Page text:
Lafayette Square is home to the ornate Cathedral of St. John the Baptist, which has the highest twin steeples in all of downtown, designed by architect Francis Baldwin.
The square was laid out in 1873 and named in honor of the Marquis de Lafayette, a French general under George Washington during the American Revolutionary War. The centerpiece of the square is the Semiquincentenary Fountain that the Colonial Dames of America presented the city with to commemorate the 250th anniversary of the Savannah’s founding.
The Cathedral of St. John the Baptist, located on the northeast corner of the square at East Harris and Abercorn streets, was constructed from 1872 to 1876. On February 6, 1898 a fire destroyed the entire Cathedral except the outside walls and spires. The restoration and rebuilding began immediately and one year later, on December 24, 1899, the congregation celebrated with their first mass. Christopher Murphy, a Savannah artist, led the intricate design work for the interior, which was not finished for 13 more years. In 2000, an extensive exterior restoration took place – the replacement of the slate roof.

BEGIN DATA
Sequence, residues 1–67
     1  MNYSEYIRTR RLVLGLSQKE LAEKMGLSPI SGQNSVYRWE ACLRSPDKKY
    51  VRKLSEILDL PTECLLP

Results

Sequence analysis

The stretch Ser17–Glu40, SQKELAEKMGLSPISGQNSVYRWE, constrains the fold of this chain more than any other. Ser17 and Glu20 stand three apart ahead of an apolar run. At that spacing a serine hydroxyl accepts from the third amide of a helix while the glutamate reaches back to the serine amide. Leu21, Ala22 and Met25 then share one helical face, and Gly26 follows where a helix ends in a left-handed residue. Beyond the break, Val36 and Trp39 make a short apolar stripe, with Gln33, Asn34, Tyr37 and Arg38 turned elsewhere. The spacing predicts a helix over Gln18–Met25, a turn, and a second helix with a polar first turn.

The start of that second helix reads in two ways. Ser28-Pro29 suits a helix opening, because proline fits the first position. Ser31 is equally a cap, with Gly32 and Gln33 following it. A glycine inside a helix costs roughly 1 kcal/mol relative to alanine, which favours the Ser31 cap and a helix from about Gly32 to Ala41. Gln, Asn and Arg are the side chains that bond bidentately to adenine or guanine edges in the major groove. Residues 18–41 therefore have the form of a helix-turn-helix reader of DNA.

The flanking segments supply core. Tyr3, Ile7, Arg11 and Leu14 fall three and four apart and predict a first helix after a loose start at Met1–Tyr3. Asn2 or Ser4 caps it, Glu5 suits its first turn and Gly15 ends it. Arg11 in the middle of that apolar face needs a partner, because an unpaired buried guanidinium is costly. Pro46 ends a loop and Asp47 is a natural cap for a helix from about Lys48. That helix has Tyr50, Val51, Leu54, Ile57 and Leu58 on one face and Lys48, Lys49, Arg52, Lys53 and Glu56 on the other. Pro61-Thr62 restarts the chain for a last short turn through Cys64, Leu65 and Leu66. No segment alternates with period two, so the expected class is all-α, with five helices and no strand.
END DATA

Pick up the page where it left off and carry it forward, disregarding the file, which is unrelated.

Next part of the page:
Opening up to the square is also the Hamilton-Turner House, which was built for successful businessman Samuel Pugh Hamilton in 1873. In 1883 this mansion became the very first residence in Savannah with electricity in Savannah and today guests can stay inside this magnificent mansion, as it is now a bed and breakfast, the Hamilton-Turner Inn.
Also on the square, the Andrew Low House was built for Englishman Andrew Low in 1849 and designed by John Norris. Andrew’s son, William, married Juliette Gordon Low, the founder of the girl scouts. The National Society of Colonial Dames now own the house and it is open to the public as a museum.